How to format your references using the Cancer Epidemiology, Biomarkers & Prevention citation style

This is a short guide how to format citations and the bibliography in a manuscript for Cancer Epidemiology, Biomarkers & Prevention. For a complete guide how to prepare your manuscript refer to the journal's instructions to authors.

Using reference management software

Typically you don't format your citations and bibliography by hand. The easiest way is to use a reference manager:

PaperpileThe citation style is built in and you can choose it in Settings > Citation Style or Paperpile > Citation Style in Google Docs.
EndNoteDownload the output style file
Mendeley, Zotero, Papers, and othersThe style is either built in or you can download a CSL file that is supported by most references management programs.
BibTeXBibTeX syles are usually part of a LaTeX template. Check the instructions to authors if the publisher offers a LaTeX template for this journal.

Journal articles

Those examples are references to articles in scholarly journals and how they are supposed to appear in your bibliography.

Not all journals organize their published articles in volumes and issues, so these fields are optional. Some electronic journals do not provide a page range, but instead list an article identifier. In a case like this it's safe to use the article identifier instead of the page range.

A journal article with 1 author
Pardoll DM. Immunology. Stress, NK receptors, and immune surveillance. Science. 2001;294:534–6.
A journal article with 2 authors
Williams BG, Dye C. Antiretroviral drugs for tuberculosis control in the era of HIV/AIDS. Science. 2003;301:1535–7.
A journal article with 3 authors
Dong Z, Hoven CW, Rosenfield A. Lessons from the past. Nature. 2005;433:573–4.
A journal article with 7 or more authors
Redhu NS, Shan L, Movassagh H, Gounni AS. Thymic stromal lymphopoietin induces migration in human airway smooth muscle cells. Sci Rep. 2013;3:2301.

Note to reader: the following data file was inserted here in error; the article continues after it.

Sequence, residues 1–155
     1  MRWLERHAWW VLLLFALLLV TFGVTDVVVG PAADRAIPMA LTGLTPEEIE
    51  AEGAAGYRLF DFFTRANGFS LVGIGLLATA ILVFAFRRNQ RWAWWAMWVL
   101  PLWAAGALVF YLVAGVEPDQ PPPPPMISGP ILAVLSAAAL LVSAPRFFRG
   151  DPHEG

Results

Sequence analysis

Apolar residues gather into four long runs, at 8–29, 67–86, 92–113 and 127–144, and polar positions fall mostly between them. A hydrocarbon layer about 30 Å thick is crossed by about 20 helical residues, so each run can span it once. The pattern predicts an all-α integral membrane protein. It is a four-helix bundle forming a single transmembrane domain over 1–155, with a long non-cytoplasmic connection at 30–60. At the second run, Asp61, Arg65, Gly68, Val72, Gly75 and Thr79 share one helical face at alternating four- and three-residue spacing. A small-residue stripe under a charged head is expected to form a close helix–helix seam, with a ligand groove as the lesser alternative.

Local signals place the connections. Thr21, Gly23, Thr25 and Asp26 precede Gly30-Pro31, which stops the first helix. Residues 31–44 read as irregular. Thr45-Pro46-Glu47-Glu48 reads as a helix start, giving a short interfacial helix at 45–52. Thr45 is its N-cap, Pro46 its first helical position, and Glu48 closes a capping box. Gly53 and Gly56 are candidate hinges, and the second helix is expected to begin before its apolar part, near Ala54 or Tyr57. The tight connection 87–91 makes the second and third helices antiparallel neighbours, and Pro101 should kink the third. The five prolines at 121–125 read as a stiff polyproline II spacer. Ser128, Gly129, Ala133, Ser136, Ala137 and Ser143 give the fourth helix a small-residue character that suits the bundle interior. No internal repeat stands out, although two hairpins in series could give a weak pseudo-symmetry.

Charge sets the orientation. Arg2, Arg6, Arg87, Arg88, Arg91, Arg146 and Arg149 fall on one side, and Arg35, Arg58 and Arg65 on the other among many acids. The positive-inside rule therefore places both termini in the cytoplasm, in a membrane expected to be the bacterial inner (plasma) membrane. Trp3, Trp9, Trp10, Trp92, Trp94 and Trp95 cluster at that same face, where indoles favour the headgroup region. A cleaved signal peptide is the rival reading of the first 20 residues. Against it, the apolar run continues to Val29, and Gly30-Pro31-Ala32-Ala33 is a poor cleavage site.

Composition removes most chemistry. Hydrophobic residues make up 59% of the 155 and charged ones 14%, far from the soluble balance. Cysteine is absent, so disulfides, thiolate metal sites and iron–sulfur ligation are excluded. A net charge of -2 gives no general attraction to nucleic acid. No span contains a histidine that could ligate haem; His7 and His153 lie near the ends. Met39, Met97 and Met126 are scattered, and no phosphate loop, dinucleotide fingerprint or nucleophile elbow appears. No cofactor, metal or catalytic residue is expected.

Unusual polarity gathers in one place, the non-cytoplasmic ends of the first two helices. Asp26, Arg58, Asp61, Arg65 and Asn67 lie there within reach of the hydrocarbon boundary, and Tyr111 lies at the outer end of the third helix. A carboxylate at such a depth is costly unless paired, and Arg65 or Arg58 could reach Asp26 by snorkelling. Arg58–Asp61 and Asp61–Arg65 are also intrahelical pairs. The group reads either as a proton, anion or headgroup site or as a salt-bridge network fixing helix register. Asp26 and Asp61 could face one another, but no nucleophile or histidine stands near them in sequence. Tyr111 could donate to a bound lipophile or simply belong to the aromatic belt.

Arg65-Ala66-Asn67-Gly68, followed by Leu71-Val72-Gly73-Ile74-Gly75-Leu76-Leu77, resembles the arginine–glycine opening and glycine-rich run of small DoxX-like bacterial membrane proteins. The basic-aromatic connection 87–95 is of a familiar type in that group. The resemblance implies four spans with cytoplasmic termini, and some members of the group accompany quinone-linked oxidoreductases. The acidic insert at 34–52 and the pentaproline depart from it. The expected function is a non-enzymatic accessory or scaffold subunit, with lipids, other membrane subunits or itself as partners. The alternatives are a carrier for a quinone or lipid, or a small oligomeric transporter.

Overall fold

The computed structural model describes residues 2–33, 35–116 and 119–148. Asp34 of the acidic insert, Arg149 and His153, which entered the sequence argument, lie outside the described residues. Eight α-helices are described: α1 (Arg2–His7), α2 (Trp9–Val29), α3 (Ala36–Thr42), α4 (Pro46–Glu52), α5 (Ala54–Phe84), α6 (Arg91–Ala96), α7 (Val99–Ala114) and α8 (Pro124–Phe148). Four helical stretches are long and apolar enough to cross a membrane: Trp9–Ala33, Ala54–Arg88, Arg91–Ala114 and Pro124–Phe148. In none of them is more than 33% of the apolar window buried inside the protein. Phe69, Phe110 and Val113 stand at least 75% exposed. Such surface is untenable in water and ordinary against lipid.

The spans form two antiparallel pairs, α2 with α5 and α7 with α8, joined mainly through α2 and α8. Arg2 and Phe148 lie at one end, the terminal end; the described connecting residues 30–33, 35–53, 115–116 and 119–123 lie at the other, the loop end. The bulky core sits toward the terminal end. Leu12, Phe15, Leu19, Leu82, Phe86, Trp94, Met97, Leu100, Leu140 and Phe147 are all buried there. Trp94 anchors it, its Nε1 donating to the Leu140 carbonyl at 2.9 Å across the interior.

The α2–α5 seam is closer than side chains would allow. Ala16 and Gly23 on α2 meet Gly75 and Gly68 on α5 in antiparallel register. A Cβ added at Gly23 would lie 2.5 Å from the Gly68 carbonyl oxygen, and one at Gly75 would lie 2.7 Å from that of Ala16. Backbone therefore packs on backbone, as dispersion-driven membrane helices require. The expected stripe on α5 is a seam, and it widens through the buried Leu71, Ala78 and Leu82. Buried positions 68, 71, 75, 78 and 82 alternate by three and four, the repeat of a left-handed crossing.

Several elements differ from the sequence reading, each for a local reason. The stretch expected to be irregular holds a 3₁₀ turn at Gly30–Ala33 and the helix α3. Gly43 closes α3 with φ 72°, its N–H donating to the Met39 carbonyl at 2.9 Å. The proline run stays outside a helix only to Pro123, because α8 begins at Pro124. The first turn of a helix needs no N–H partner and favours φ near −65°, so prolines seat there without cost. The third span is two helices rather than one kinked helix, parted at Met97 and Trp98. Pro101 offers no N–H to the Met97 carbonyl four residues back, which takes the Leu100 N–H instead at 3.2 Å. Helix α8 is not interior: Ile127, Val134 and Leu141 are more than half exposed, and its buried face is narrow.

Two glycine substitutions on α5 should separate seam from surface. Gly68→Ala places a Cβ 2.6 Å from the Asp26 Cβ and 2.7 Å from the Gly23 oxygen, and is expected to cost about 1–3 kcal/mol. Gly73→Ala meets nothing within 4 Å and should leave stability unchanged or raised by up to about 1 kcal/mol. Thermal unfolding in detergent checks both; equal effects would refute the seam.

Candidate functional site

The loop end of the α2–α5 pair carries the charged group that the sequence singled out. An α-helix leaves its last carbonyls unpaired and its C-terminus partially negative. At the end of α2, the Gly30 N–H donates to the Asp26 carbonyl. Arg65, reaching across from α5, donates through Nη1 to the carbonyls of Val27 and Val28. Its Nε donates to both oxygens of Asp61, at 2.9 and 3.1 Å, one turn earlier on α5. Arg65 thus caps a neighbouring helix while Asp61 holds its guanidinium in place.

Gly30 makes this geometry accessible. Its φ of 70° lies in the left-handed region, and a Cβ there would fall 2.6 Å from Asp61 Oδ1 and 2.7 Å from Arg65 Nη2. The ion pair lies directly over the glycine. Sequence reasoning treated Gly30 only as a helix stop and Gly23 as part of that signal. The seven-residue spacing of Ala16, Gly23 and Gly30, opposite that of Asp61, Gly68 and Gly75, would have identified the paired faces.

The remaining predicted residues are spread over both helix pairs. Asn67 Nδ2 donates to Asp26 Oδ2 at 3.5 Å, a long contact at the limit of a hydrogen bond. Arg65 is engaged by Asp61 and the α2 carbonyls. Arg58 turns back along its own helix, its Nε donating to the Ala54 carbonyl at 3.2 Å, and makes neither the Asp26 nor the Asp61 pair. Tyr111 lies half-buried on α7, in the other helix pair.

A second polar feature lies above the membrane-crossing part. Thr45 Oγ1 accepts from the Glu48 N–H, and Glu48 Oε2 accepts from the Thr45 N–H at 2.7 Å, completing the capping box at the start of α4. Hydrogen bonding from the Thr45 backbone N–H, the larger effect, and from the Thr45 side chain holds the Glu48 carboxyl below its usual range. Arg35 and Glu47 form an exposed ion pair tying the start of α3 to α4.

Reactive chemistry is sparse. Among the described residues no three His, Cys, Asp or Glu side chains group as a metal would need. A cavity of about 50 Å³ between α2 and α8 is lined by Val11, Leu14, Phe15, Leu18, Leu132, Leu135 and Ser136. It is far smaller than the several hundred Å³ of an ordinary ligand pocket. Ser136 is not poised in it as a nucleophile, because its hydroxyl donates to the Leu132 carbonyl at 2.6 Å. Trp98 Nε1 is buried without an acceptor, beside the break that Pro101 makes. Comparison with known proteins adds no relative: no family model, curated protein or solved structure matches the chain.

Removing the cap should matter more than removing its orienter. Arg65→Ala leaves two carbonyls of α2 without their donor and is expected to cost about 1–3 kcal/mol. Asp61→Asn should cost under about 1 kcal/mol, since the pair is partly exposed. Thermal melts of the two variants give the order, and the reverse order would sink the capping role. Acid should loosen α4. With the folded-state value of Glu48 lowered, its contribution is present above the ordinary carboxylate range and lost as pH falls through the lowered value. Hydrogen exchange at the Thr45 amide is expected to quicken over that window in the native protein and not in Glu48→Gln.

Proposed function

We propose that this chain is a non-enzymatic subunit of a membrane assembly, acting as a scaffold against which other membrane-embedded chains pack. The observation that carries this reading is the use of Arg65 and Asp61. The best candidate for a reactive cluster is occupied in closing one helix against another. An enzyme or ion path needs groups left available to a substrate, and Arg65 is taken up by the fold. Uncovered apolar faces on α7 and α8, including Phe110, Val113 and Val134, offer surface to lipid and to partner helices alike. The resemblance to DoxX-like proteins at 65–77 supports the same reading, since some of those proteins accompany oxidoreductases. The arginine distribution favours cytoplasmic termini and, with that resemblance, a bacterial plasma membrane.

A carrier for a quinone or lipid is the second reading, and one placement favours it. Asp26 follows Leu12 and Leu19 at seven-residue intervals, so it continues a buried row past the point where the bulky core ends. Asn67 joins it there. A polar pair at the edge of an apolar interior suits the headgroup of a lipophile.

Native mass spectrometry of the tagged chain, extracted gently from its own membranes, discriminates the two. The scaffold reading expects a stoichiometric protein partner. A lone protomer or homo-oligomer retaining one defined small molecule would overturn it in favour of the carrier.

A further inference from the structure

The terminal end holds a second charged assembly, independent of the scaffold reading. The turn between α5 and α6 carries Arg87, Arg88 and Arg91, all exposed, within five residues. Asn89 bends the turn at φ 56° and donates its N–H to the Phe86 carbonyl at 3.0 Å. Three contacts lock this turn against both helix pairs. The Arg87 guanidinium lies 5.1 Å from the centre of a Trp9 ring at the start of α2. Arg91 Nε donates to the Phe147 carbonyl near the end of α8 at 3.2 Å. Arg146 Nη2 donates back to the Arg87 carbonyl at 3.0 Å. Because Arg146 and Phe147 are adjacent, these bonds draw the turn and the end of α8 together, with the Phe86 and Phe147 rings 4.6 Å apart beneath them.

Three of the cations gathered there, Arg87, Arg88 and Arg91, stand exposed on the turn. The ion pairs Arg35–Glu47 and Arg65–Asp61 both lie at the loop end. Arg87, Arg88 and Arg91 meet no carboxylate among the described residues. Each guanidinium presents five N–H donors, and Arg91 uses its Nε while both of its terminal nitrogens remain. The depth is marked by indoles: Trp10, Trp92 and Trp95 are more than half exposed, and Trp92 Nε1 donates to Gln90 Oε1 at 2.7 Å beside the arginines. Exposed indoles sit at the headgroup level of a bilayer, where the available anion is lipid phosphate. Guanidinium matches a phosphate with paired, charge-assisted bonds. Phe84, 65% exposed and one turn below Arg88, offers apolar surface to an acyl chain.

Books and book chapters

Here are examples of references for authored and edited books as well as book chapters.

An authored book
Sinzinger S, Jahns J. Microoptics. Weinheim, FRG: Wiley-VCH Verlag GmbH & Co. KGaA; 2005.
An edited book
Loh XJ, editor. In-Situ Gelling Polymers: For Biomedical Applications. Singapore: Springer; 2015.
A chapter in an edited book
Le Dinh T, Ho VT, Nomo TS, Ayayi A. Towards a Cyberinfrastructure for Social Science Research Collaboration: The Service Science Approach. In: Nóvoa H, Drăgoicea M, editors. Exploring Services Science: 6th International Conference, IESS 2015, Porto, Portugal, February 4-6, 2015, Proceedings. Cham: Springer International Publishing; 2015. page 36–49.

Web sites

Sometimes references to web sites should appear directly in the text rather than in the bibliography. Refer to the Instructions to authors for Cancer Epidemiology, Biomarkers & Prevention.

Blog post
Davis J. Missing “Galactic Dinosaurs” Found Hiding In Plain Sight [Internet]. IFLScience. IFLScience; 2015 [cited 2018 Oct 30]. Available from:


This example shows the general structure used for government reports, technical reports, and scientific reports. If you can't locate the report number then it might be better to cite the report as a book. For reports it is usually not individual people that are credited as authors, but a governmental department or agency like "U. S. Food and Drug Administration" or "National Cancer Institute".

Government report
Government Accountability Office. NSF’s Academic Facilities Program. Washington, DC: U.S. Government Printing Office; 1995 Apr. Report No.: RCED-95-153R.

Theses and dissertations

Theses including Ph.D. dissertations, Master's theses or Bachelor theses follow the basic format outlined below.

Doctoral dissertation
Ren H. Modification and Characterization of Ordered Mesoporous Carbons for Resorcinol Removal [Doctoral dissertation]. [ Lafayette, LA]: University of Louisiana; 2014.

News paper articles

Unlike scholarly journals, news papers do not usually have a volume and issue number. Instead, the full date and page number is required for a correct reference.

New York Times article
Poniewozik J. Will He Let Loose the Hounds? New York Times. 2017;C5.

In-text citations

References should be cited in the text by sequential numbers in parentheses:

This sentence cites one reference (1).
This sentence cites two references (1,2).
This sentence cites four references (1–4).

About the journal

Full journal titleCancer Epidemiology, Biomarkers & Prevention
AbbreviationCancer Epidemiol. Biomarkers Prev.
ISSN (print)1055-9965
ISSN (online)1538-7755

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